- About WIP
- Participating Entities
- Animas-La Plata Water Conservancy District
- City of Durango Water Commission
- Colorado Water Resources and Power Development Authority
- Dolores Water Conservancy District
- Florida Water Conservancy District
- La Plata Electric Association
- La Plata Water Conservancy District
- Mancos Conservation District
- Mancos Water Conservancy District
- Pagosa Area Water and Sanitation District (PAWSD)
- Pine River Irrigation District
- San Juan Water Conservancy District
- Southwestern Water Conservation District
- U.S. Bureau of Reclamation
- Regional Water Projects
- Animas River Stakeholders
- Animas-La Plata Project
- Cloud Seeding Program
- Dolores Project (McPhee Reservoir)
- Dry Gulch Reservoir (Pending)
- Florida Project (Lemon Reservoir)
- Jackson Gulch Reservoir
- Long Hollow Reservoir
- Pine River Project (Vallecito Reservoir)
- Rio Blanco Restoration Project
- River Protection Work Group
- UMETCO (Urivan) Water Rights
- Water Information
- Contact WIP
- Colorado, Colorado Oil and Gas Conservation Commission, Water Quality, Oil and Gas Development
Reforming laws to provide more flexibility in how water is used and shared in Colorado will be critical in meeting demands as the state’s population rapidly grows, according to agriculture, environmental and municipal water experts who spoke Tuesday in Denver.
Ranchers and growers in the Roaring Fork Valley and elsewhere in the Colorado River basin would have a new incentive for conserving water without jeopardizing their water rights under legislation moving forward in the Colorado Legislature. The drought-fueled measure, put forth by state Sen.
Senators took action Thursday to deflect a state Supreme Court ruling that could make it difficult to keep water in reservoirs – just as drought is tightening its grip on much of the state. The bill is among several this year that add up to the Legislature’s biggest push in years to conserve water and store it for dry years. Sen.
City officials are scrambling to augment municipal water rights in response to a recent call requiring the “immediate curtailment” of the city’s water supply.
The agreement between Colorado and New Mexico that governs how water on the La Plata is shared is the La Plata River Compact, established in 1922. It is the oldest compact in the state.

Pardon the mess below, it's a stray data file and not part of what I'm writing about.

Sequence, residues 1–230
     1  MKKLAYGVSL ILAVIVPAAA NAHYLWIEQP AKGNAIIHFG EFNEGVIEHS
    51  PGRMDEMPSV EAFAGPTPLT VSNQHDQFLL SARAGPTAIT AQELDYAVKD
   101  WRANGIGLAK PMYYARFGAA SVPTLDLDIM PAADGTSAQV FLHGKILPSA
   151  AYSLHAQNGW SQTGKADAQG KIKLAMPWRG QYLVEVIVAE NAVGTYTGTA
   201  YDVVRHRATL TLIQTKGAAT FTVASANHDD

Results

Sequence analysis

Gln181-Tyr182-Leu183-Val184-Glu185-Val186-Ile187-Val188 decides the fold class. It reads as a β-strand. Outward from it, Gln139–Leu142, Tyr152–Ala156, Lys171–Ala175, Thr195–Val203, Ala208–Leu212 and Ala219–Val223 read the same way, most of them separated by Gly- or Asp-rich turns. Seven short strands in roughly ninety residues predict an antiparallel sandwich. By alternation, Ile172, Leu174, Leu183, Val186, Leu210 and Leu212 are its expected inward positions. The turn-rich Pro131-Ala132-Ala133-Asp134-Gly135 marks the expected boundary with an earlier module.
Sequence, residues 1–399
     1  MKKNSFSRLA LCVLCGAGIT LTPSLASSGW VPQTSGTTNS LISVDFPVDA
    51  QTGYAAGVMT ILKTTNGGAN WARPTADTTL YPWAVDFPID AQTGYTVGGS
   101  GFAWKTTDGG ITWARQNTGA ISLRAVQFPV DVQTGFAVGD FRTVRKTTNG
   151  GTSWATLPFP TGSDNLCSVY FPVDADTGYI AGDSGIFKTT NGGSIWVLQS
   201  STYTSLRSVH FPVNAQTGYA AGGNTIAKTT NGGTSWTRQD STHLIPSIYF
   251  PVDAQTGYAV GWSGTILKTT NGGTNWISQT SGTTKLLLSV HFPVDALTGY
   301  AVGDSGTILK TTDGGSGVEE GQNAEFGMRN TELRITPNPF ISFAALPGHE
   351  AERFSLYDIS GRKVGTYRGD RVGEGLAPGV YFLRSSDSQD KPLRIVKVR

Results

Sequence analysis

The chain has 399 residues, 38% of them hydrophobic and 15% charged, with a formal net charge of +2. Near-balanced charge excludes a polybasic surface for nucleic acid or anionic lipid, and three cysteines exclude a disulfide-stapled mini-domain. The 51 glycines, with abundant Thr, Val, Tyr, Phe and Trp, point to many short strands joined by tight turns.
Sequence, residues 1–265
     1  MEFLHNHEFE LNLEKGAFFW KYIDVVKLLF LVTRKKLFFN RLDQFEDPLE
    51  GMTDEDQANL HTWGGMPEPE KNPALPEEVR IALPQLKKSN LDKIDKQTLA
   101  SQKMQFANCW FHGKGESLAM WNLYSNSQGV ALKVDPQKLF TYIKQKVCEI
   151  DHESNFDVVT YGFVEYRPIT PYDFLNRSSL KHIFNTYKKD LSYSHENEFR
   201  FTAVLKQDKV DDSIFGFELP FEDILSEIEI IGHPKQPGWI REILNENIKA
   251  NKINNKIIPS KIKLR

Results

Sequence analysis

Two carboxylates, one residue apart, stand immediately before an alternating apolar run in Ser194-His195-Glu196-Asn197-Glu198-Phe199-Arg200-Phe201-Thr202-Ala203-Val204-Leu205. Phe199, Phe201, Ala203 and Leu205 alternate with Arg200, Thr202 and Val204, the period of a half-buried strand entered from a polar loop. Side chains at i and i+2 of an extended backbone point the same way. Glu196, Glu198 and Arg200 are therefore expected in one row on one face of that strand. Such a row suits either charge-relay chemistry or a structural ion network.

Although water rights in Colorado have been separated from the land for years, there is a community interest that must be preserved when they change hands. “Water law is much more than a code in a courtroom,” Colorado Supreme Court Justice Gregory Hobbs said Wednesday.
March 10, 2012--Farmers, ranchers worry about proposed state initiatives targeting water rights (The Fence)
Gene Kammerzell owns water rights that were decreed in 1865 and have been in his family's name for 100 years — dating back to when his grandparents migrated from Russia to Colorado and established a family farm near Milliken, Colo.
The thought of sinking more than three dozen wells in the San Augustin Plains of western New Mexico and pumping out billions of gallons of water each year to meet demands miles away has hundreds of New Mexicans riled up. A group of rural residents, one of the state’s largest irrigation dis
In Colorado water is a separate property right that can be sold separately from the land. This is different from the Riparian Doctrine where the water rights are attached to the land that is adjacent to the stream or the river. Colorado administers water under the Prior Appropriation Doctrine.
Two starkly different views of the ability of seven states to divide the waters of the Colorado River were given at Colorado College last week. Colorado Supreme Court Justice Gregory Hobbs marveled at how a river basin labeled by some early explorers as uninhabitable 150 years ago now supports 30 million people in seven states.